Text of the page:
On August 26, the Database Center for North Korean Human Rights (NKDB) held a discussion about its Archives of North Korean human rights violations. The three-hour event took place at the Korean Bar Association, located near the Seocho subway station in southern Seoul.
NKDB has catalogued thousands of incidents from thousands of individuals, and is constantly interviewing recent defectors. In addition, they have a consultation and support program for North Koreans and also for South Koreans who spent time against their will in North Korea, such as abductees who later escaped. Also, this year they started a short daily radio program, which I will discuss below.
After several people gave welcoming remarks, the former director of NKDB, ìœ¤ì—¬ìƒ, now at Johns Hopkins University, made a presentation, and then eight panelists and the moderator, a Yonsei University law professor, weighed in.
I sat next to a friend who works at NKDB, and she very kindly took some notes in English to summarize key points of some of the speakers. The following is based on those notes. As it happened, the viewpoints below lean toward government operation of the/an Archives, but other speakers (not represented in the notes) supported it being a private effort. She said it was quite interesting that, for the most part, representatives of various government bodies said their body should be in charge of the Archives, while speakers from NGOs said it should stay in the private sector.
ì¡°ì˜êµ (êµê°€ì¸ê¶Œìœ„ì›íšŒ / National Human Rights Commission of Korea)
– in line with the function of the archives, it should be operated by the government
– in Germany it was operated by law enforcement
– now in Korea it’s undertaken by an NGO – the help of the government is desperately needed
í™ê´€í‘œ (ë²•ë¬´ë¶€ / Ministry of Justice)
– if the purpose of the archives is to punish perpetrators, then it should be operated by the government
– if a “judicial” organization isn’t responsible now for collecting evidence, it won’t be able to be used later when judging perpetrators (my comment: really? I suppose it depends how it’s done, but surely there must be a way)
– if unification occurs, this is going to be a major issue
ê¹€ë™ì„± (í•œë‚˜ë¼ë‹¹ êµíšŒì˜ì› / êµíšŒì¸ê¶Œí¬ëŸ¼ì±…ìž„ì—°êµ¬ìœ„ì› / Member of National Assembly, Grand National Party)
– three aspects: prevention of abuses now, punishment of perpetrators after unification, and the recording of history
ê¹€ìœ¤íƒœ (ë¶í•œë¯¼ì£¼íšŒë„¤íŠ¸ì›Œí¬ ì‚¬ë¬´ì´ìž¥ / Network for North Korean Democracy and Human Rights)
– we should focus on prevention, ie, we need to consider the immediate effect the Archives can have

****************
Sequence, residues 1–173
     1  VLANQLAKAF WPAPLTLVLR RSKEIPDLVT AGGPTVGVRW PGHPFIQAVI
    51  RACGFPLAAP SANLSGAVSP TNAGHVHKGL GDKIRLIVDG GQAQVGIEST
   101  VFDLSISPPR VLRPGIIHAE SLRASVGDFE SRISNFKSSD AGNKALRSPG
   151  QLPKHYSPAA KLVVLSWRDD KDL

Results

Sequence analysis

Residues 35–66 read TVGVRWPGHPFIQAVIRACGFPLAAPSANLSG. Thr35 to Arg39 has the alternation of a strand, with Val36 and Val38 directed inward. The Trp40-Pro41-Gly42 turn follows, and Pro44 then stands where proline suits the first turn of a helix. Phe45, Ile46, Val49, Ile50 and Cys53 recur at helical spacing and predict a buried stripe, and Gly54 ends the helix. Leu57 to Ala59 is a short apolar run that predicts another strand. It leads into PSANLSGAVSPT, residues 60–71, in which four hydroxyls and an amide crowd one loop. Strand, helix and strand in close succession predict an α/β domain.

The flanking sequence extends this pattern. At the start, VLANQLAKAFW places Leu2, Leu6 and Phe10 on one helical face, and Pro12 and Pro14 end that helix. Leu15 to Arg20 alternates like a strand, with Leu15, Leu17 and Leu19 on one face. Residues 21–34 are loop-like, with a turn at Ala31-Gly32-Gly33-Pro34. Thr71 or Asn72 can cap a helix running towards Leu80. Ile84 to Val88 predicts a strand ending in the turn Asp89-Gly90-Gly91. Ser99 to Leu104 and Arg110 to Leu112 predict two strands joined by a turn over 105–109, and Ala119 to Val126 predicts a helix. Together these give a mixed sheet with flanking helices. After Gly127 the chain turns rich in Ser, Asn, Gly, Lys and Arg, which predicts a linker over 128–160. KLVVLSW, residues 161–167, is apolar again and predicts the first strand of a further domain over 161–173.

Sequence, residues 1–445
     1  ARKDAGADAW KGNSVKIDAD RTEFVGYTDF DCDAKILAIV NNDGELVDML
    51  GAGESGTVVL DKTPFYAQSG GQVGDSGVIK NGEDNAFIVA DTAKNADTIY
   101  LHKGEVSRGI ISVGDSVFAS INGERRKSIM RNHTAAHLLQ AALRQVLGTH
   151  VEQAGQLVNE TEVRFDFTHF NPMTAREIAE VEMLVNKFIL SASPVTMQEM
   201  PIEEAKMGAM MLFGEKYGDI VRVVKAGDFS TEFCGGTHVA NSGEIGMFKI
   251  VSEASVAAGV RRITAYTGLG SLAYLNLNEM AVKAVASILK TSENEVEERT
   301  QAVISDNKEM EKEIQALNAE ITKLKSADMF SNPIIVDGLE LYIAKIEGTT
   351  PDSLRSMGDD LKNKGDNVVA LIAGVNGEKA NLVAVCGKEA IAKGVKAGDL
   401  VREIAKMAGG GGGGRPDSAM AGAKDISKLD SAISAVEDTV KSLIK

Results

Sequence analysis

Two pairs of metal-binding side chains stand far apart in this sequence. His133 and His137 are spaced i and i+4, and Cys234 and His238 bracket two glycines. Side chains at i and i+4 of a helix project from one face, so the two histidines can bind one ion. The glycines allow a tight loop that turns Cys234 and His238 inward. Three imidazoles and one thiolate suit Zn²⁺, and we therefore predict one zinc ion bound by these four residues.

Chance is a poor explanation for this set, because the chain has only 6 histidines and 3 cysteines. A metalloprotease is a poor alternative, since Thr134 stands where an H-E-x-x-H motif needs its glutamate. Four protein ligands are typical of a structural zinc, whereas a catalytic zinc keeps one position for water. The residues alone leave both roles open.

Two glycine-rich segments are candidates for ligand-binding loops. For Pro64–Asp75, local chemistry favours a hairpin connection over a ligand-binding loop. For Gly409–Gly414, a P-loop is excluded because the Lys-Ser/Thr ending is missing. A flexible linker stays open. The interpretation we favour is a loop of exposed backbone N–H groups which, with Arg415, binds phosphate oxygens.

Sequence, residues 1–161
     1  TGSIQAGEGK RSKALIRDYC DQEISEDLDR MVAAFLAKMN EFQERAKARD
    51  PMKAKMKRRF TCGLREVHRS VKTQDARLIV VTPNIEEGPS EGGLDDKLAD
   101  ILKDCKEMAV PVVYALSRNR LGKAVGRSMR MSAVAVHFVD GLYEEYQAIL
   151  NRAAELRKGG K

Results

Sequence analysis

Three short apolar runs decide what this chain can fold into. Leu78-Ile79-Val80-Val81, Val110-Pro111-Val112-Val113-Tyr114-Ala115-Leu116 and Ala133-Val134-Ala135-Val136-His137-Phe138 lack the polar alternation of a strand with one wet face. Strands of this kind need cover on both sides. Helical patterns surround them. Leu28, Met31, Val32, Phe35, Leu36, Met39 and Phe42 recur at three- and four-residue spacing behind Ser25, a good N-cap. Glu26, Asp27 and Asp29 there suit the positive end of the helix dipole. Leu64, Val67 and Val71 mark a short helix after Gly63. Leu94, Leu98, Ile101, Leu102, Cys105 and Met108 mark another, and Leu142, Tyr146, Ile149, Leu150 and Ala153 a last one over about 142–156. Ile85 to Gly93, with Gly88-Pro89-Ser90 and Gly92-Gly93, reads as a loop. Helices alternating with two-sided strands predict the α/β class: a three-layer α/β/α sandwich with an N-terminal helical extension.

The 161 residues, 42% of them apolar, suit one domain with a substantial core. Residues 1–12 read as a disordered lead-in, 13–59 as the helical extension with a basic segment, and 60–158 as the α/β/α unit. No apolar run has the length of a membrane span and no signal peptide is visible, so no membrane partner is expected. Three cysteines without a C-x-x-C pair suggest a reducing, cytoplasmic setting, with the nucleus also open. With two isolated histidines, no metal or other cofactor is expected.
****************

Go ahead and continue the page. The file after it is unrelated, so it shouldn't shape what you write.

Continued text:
my comment: The idea here is that if perpetrators and potential perpetrators realize they may be held accountable in the future, they may think twice before proceeding. To the extent such warnings actually penetrate and permeate into North Korean society (or at least to the regime and those in positions of authority), this argument is made much stronger. But right now, I think it’s not yet a very strong argument, at least for those at lower levels of the ladder, eg, a guard beating a prisoner. The only current ways to get this message in are through radio and balloon-delivered leaflets. Regarding the former, a great, new program that NKDB is undertaking is a 10-minute radio program five days a week that discusses human rights (in a North Korean context, of course) and is broadcast into NK with the help of Open Radio for North Korea (click ì—´ë¦°ë¶í•œë°©ì†¡ then click ë¶í•œì¸ê¶Œì´ì•¼ê¸° – especially the first broadcast: http://www.nkradio.org/news/613 (Korean)). Regarding messages delivered via balloon — does anyone know if this is a (common) subject addressed in the leaflets by any of the groups that send them?
ì´ìŠ¹ìš© (ì¢‹ì€ ë²—ë“¤ ì‚¬ë¬´êµìž¥ / Good Friends)
– agrees prevention tool is needed, but considering the present situation, the prevention effect won’t work now, and we should instead focus on recording the violations
– for credibility, the government should operate the Archive
– the important thing is the independence of the organization (my comment: not sure how this point and the one above work together)
– the “clearance of history” (see below) will be done based on the records of the Archives
– standards for pardons and punishments should be established
other loose strands of thought:
– ê³¼ê±°ì²ì‚° – the liquidation/clearance/pardoning of the past – this theme came up several times
– if operated by the government, which agency(ies)? the Ministry of Unification? Justice? the National Human Rights Commission? the national police / military intelligence?
– the change of governments in early 2008 also was mentioned more than once – one commentator wondered why the new Lee Myung-bak government has not set up an official Archives yet
– one of the most common themes, of course, was comparisons to and contrasts with East & West Germany (I was going crazy for a couple minutes trying to figure out what ë™ë… was, since it wasn’t in my dictionary, but, duh, it turns out that’s what you call ë™ë…ì¼, ie, East Germany)
They had a great array of speakers, but they didn’t seem to promote it very well, so not many people knew about the event and few people attended. There is a major conference on North Korean Human Rights September 24-25 at the Seoul Press Center; perhaps if there was some way to have held the discussion as a panel there, it would have reached a much larger audience.
Though maybe they can still make up for it. I haven’t heard anything definite, but it sounds like NKDB is planning to hold a similar discussion in Washington, D.C., sometime in the next few to several weeks.